Filing for bankruptcy will not release you from the debt of your student loans. These are non-dischargeable debts. So, if you are suffering from overwhelming student loan debt what relief, if any, can bankruptcy provide?
We still start with the long shot –there are exceptions. Very, very rarely debtors are able to get their student loans discharged. This is done by literally suing your student loan provider and proving that the student loan debt causes you “undue hardship.” What is “undue hardship?” There is really no set definition but it is completely your burden to prove that this incredibly abstract term applies to you and your situation. I’ll tell you right now, a bankruptcy court judge is more than likely going to side with your student loan provider. So, at the end of this lengthy and costly legal battle, you are right smack dab where you started: completely liable for those student loan debts.
But, bankruptcy can provide hope and relief for these payments in other ways (albeit admittedly roundabout ways).
First off, filing a Chapter 13 bankruptcy can help roll all of your creditor debts (including those student loans) into one, affordable monthly payment. This is how your loans are paid through the length of your Chapter 13 plan. Once your plan has ended, your debts, excluding your student loans, are discharged. Your loan payments resume but you are then without the burden of all those other debts!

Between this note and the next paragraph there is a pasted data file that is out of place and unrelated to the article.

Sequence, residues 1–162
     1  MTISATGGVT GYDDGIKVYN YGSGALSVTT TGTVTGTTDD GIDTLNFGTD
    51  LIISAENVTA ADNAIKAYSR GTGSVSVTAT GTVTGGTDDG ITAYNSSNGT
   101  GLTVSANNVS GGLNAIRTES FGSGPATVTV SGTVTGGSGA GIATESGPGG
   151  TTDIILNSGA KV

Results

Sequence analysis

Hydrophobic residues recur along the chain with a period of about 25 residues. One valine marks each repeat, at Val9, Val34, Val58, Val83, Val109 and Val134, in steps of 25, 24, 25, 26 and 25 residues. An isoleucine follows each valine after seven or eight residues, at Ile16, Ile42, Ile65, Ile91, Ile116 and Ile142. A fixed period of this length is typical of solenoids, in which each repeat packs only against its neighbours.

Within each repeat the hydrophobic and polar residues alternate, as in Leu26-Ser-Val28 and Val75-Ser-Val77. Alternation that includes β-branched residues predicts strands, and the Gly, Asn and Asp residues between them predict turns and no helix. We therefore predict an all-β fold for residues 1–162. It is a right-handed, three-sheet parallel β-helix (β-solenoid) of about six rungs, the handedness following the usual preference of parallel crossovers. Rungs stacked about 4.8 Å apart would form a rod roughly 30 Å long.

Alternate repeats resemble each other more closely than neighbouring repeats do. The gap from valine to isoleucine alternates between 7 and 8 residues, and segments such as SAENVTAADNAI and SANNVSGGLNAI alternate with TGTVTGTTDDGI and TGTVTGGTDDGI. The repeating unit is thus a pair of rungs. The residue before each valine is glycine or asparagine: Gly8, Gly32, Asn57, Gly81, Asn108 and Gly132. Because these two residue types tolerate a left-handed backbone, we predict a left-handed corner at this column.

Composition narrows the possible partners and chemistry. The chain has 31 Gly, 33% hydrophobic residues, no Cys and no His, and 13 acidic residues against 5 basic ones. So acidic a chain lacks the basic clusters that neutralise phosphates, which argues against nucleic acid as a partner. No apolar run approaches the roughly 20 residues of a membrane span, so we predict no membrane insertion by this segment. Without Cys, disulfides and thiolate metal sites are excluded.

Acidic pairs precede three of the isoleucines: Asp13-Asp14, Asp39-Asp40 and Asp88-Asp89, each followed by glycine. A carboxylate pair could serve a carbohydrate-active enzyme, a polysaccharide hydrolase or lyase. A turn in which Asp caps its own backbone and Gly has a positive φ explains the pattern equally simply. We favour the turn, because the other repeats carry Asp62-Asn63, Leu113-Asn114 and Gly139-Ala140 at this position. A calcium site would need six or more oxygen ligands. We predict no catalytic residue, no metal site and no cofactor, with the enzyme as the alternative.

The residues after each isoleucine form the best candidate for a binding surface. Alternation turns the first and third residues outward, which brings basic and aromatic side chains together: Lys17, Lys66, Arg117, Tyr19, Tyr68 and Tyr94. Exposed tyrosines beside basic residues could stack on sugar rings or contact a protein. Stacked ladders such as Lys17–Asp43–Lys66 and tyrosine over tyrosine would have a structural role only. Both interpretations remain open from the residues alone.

Similarly, a Chapter 7 filing doesn’t wipe out student loan debt but it does wipe out all of your other debts. This newly freed up cash flow can help you make your monthly student loan payments when before you could not.
Bankruptcy may be able to help you in unexpected ways. Speak with a Kain & Scott attorney today to find out how.
Request your consultation with MN’s HIGHEST Google Reviewed bankruptcy law firm today at www.kainscott.com